The Maryland Stadium Authority helped solve a big problem for Baltimore by providing a place to dump 60,000 tons of snow after the record-setting winter storm on January 23, but now it has a problem of its own.
When the snow finally disappeared, state officials discovered that one of the Camden Yards lots used to deposit snow was damaged so heavily by the city’s contractors that it is no longer usable as a parking lot.
Now, with the Orioles April 4 Opening Day game less than a month away, the city is scrambling to repair that lot and one next to it and has agreed to pay for the work to be completed – work that could cost up to $500,000.
“They have to be done by Opening Day,” said Philip B. Hutson, the stadium authority’s associate vice president for capital projects and planning.
Hutson and stadium authority executive director Michael Frenz said that the Baltimore Department of Transportation (DOT) has taken responsibility for making repairs and understands the urgency with the baseball season about to start.
“They are working to repair the damage,” Frenz said. “They are working to make sure [the repairs] are completed by Opening Day.”
DOT decided to use an on-call contractor, P. Flanigan & Sons, to do the repair work, so it wouldn’t have to spend time seeking bids, Hutson said, adding that the anticipated completion date is March 25.
Hutson said he does not have a figure for the cost of the work but he understands the city may seek reimbursement from FEMA, the Federal Emergency Management Agency, for the cost of repairs.
“They’ve committed and they’re working on it,” Hutson said. “The contractor started Monday. “
Craters and Gashes
The state-owned parking lots that were damaged after the storm are Lots G and H. They are east of M & T Bank Stadium and partially under I-395, an easy walk to Oriole Park.
The state-owned lots are part of the 85-acre Camden Yards sports complex, managed by the stadium authority.
Lot G, which is out of commission, has 277 marked spaces. Lot H, which received less extensive damage, has 998 spaces. The entire sports complex has 4,600 parking spaces.
When the snow melted around March 1, state officials said, they could see that Lot G is unusable because of large craters in the surface and other imperfections that make the area unsafe to drive on.
One of the craters is more than a foot deep, enough to nearly swallow an orange traffic cone.
In addition, there are gouges and ruts in the pavement, broken curbs and damaged light poles. In other areas, the top surface of the parking lot was torn or ripped up by heavy equipment. Parts of Lots G and H have been blocked off with yellow caution tape.
Cost estimates for repairs have ranged up to $500,000, according to industry sources .
Next Time, a Written Agreement
The damaged parking lots see significant use throughout the year, according to state officials. They are used for fans and employees during Ravens games, as recently as December, and for the baseball season.
And in January they were made available in the wake of the historic storm, which dumped more than 29 inches of snow in some areas.
Photos of the clean-up effort show a convoy of trucks on Ostend Street, bringing snow from city streets. At times, there were two or three truckloads per hour, officials say.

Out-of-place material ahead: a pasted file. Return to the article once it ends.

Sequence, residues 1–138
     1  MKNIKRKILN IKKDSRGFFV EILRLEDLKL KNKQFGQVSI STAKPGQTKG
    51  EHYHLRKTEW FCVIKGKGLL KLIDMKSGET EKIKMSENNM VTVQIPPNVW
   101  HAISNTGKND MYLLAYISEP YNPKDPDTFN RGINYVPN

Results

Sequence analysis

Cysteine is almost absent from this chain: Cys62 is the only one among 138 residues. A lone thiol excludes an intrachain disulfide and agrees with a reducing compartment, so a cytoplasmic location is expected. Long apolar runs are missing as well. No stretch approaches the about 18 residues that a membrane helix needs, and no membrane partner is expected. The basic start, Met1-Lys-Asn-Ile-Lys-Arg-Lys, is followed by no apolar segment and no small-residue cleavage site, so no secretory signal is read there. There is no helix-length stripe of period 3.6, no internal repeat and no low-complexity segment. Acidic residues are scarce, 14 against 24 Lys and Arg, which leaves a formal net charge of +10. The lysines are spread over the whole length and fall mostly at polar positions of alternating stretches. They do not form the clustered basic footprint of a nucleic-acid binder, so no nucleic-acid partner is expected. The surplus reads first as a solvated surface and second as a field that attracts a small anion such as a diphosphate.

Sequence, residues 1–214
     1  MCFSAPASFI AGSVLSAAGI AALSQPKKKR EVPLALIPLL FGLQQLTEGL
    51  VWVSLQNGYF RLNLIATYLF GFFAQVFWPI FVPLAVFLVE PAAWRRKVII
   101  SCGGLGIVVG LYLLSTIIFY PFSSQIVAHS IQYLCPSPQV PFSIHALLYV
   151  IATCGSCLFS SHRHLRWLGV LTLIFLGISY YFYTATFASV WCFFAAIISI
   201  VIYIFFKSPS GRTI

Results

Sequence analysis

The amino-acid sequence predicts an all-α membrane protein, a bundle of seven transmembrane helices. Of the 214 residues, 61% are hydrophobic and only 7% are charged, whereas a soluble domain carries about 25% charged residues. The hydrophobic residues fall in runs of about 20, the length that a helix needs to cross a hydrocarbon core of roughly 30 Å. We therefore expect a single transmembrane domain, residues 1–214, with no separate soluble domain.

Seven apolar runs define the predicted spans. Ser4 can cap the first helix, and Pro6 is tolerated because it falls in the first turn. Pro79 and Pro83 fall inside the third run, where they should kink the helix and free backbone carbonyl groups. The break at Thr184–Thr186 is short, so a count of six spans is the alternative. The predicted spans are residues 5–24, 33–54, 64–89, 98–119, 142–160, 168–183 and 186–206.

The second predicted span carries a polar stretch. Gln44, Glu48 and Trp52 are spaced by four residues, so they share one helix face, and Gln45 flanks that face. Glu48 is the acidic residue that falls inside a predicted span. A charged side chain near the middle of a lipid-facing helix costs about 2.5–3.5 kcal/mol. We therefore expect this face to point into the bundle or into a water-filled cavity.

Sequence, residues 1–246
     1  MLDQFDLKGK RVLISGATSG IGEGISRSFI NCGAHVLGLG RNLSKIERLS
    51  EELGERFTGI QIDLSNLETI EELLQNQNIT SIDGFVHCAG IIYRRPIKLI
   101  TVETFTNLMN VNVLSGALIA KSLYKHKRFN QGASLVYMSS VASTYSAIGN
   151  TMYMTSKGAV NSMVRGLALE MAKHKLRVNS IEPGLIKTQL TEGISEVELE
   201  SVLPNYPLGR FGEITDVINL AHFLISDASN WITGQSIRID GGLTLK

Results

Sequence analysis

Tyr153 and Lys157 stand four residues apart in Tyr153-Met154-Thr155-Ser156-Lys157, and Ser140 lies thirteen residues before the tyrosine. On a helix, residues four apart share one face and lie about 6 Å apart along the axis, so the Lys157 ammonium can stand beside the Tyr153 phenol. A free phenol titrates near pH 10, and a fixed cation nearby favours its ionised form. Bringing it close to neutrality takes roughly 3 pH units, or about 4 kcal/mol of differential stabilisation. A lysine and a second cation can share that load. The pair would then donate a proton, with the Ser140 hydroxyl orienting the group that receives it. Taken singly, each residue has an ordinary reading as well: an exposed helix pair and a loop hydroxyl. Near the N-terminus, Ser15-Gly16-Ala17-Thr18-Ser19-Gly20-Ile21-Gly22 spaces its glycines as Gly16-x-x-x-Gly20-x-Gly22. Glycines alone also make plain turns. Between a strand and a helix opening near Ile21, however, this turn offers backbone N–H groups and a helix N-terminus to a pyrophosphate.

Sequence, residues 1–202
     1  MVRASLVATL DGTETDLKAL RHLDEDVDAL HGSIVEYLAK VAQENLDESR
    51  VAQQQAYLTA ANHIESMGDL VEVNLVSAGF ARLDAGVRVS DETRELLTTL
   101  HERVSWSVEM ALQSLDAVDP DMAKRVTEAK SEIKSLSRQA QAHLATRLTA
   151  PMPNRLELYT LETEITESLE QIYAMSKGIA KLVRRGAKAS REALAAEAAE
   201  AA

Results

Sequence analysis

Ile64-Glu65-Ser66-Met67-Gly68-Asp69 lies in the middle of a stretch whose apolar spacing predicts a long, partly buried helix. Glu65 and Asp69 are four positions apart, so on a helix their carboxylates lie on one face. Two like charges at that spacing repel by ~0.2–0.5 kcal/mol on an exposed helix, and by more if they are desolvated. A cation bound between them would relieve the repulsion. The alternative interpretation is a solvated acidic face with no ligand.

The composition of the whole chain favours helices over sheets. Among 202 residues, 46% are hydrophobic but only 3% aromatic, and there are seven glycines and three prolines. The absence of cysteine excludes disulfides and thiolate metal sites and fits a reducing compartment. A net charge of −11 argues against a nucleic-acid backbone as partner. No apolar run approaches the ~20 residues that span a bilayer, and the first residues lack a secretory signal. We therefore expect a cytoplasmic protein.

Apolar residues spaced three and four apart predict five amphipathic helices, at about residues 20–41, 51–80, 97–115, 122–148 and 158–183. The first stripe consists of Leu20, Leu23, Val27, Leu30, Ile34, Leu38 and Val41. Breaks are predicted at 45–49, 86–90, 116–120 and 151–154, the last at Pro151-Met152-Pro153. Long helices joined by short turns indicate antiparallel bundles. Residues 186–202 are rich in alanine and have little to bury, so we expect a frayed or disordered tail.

Officials attribute the damage to the intense use of the area by snow removal contractors who couldn’t see areas to avoid once the snow reached a certain height.
In an emailed response, William Johnson, city DOT director, provided The Brew with information on the repair plan and schedule, but did not say how much the work will cost.
The stadium authority has made Camden Yards parking lots available for snow removal in the past, during the 2010 “Snowmagedden” storm, for instance. But the city didn’t cause as much damage then as they did this year, state officials said.
Lot J used to be made available for city snow dumping, but that parcel is now controlled by the Horseshoe Casino.
Despite the damage and the rush to make repairs, Frenz said the authority likely would make its lots available for snow removal again. But next time, he said, “we’d probably want to have more of a written agreement in place.”
Contractors Need Training, Vetting
City officials reviewing Baltimore’s overall response to the storm at a City Council committee hearing yesterday said that any storm becomes more of a problem once the snow gets above 12 inches.
“Twelve inches is the threshold – it slows the city down enormously,” said Robert Maloney, director of the Mayor’s Office of Emergency Management.
Council member Bill Henry said the city should be candid with residents about clean up efforts.
“My concern is that …we were giving people false hope,” he said. “People were going online and seeing . . . that a snow plow had gone by three times. But then they would look out the window that see that their street hadn’t been touched.”
Another concern discussed was poor performance by snow removal contractors.
City emergency operations officials should meet with contractors in the summer for “training in and agreement to certain principles of positive plowing,” council member Mary Pat Clarke said.
She said contractors need to “avoid blocking entrances to adjoining streets and alleys when plowing a given street.”
Clarke also said they should “honor their contracts with the city by avoiding the recruitment of un-vetted vendor associates to operate as substitute contractors.”